The joke may have cost him, as the humour was lost on the Law Society, which cited it as evidence he lacks remorse. I choose a bottle of the red, Incivility – and the bill later shows an $80 charge.
“I taste some cherry and some raspberry in there, not like crap raspberry jam, more seductive than that,” Mr. Groia says, confiding that managing the winery has been a welcome distraction from the disciplinary proceeding and his other personal trials.
His wife, Susan, has been (so far successfully) battling a severe form of breast cancer, even coming to the Law Society hearing room to support him with her hair falling out. “When Susan got sick, it made me realize how a lot of this stuff really didn’t matter all that much.”
But the Law Society fight still clearly matters a great deal. He has spent months of his own time on it, and hired veteran litigator Earl Cherniak to represent him. In all, he says, the fight has cost him about $1-million in fees and lost time.
Mr. Groia is no stranger to fights. A lightweight, precocious kid raised in a tough Italian neighbourhood near Bloor and Lansdowne Streets in Toronto’s west end, he has always been a bit of an outsider in the clubby world of Bay Street law, a position he blames on his time as the head of enforcement at the OSC in the 1980s. He shook up the regulator, breaking new ground by taking on landmark cases against establishment players, such as Canadian Tire and Gordon Capital.
He remembers early on having to settle a case for the commission with legendary litigator John J. Robinette, then approaching 80, and meeting him in a McCarthy Tétrault LLP boardroom. “I was awestruck,” he recalls. “It took us about five minutes to make a deal. I’d like to think it wasn’t a bad deal for the commission. Frankly, if he’d said, ‘Joe, I’d like your shirt, too,’ I would have given it to him … I was a fifth-year lawyer, and here I was dealing with one of the legends of the bar, and he’s calling me Mr. Groia.”
At his disciplinary hearing, being questioned by his lawyer, Mr. Cherniak, Mr. Groia recounted this anecdote and suddenly had to stop. He was overcome with emotion, his voice cracked, and he took deep breaths.
He remains proud his time at the OSC, but he says it cost him any hope of landing a job at Bay Street’s top firms, dubbed the “Seven Sisters,” when he left in 1990. His contacts at the big firms told him that senior partners quashed the idea of hiring him: “One of them, we went out and got drunk, and he said he actually raised it with a client, and the client said, ‘If you hire that son of a bitch we’ll take all our work away.’”
He landed in Heenan Blaikie’s then-new Toronto office. But he would leave a decade later to start his own boutique white-collar-crime defence firm as the controversial Bre-X case took over his practice and Heenan Blaikie, he said, got “uncomfortable” with it.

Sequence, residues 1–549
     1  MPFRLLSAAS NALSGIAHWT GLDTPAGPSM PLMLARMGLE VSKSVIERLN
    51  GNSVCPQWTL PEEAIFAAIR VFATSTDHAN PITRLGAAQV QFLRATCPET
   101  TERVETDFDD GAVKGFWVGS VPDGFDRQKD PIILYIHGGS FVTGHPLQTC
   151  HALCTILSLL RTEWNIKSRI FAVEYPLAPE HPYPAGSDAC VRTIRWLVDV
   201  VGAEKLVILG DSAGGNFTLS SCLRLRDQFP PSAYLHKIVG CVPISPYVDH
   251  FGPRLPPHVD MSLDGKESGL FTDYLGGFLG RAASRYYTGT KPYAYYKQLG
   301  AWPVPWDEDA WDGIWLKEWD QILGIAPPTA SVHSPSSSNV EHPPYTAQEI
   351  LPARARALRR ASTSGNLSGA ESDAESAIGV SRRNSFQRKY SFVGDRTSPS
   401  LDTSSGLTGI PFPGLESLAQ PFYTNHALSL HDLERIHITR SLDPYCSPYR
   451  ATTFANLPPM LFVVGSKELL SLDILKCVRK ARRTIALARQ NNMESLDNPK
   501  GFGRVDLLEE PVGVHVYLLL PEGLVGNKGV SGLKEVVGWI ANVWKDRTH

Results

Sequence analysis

His status as an outsider in the profession, he believes, is partly to blame for the predicament he is in now. “I believe that the case never would have gotten to where it got to, but for that reputation,” he says at one point. Later, he adds: “I think they thought I was impertinent. I think the Law Society believes that I am a vocal thorn in their side.”
But it is those outsider and street-fighter instincts that attract clients accused of white-collar crimes, whose reputations and livelihoods and, sometimes, freedom are at stake. Mr. Felderhof testified at Mr. Groia’s disciplinary hearing in 2011 that he didn’t want a lawyer who called his colleague on the other side his “learned friend,” as is customary. “In the end, I would be the defendant,” Mr. Felderhof told the Law Society panel. “Who’s my friend?”
Mr. Groia says he still speaks often with the former Bre-X geologist, who told The Globe in 2011 that he runs a small convenience store and restaurant with his new wife in the Philippines. He still owes Mr. Groia $2-million in legal fees, a bill no one expects to be paid.
Mr. Groia agrees that someone, not Mr. Felderhof, got away with a massive fraud in the Bre-X scandal. He speculates, as others have over the years, that perhaps Michael de Guzman, the Bre-X geologist who apparently took his own life by jumping out of a helicopter flying over the Borneo jungle in 1997, is still alive.
Despite the mess it has left him in, Mr. Groia sees Bre-X as the finest work he has ever done.
“At the end of the day, I know what I did for John Felderhof … and the Law Society is not going to take that away from me,” he says. “And however it turns out, after I have fought with them for a good long time, I am always going to say, I have no regrets.”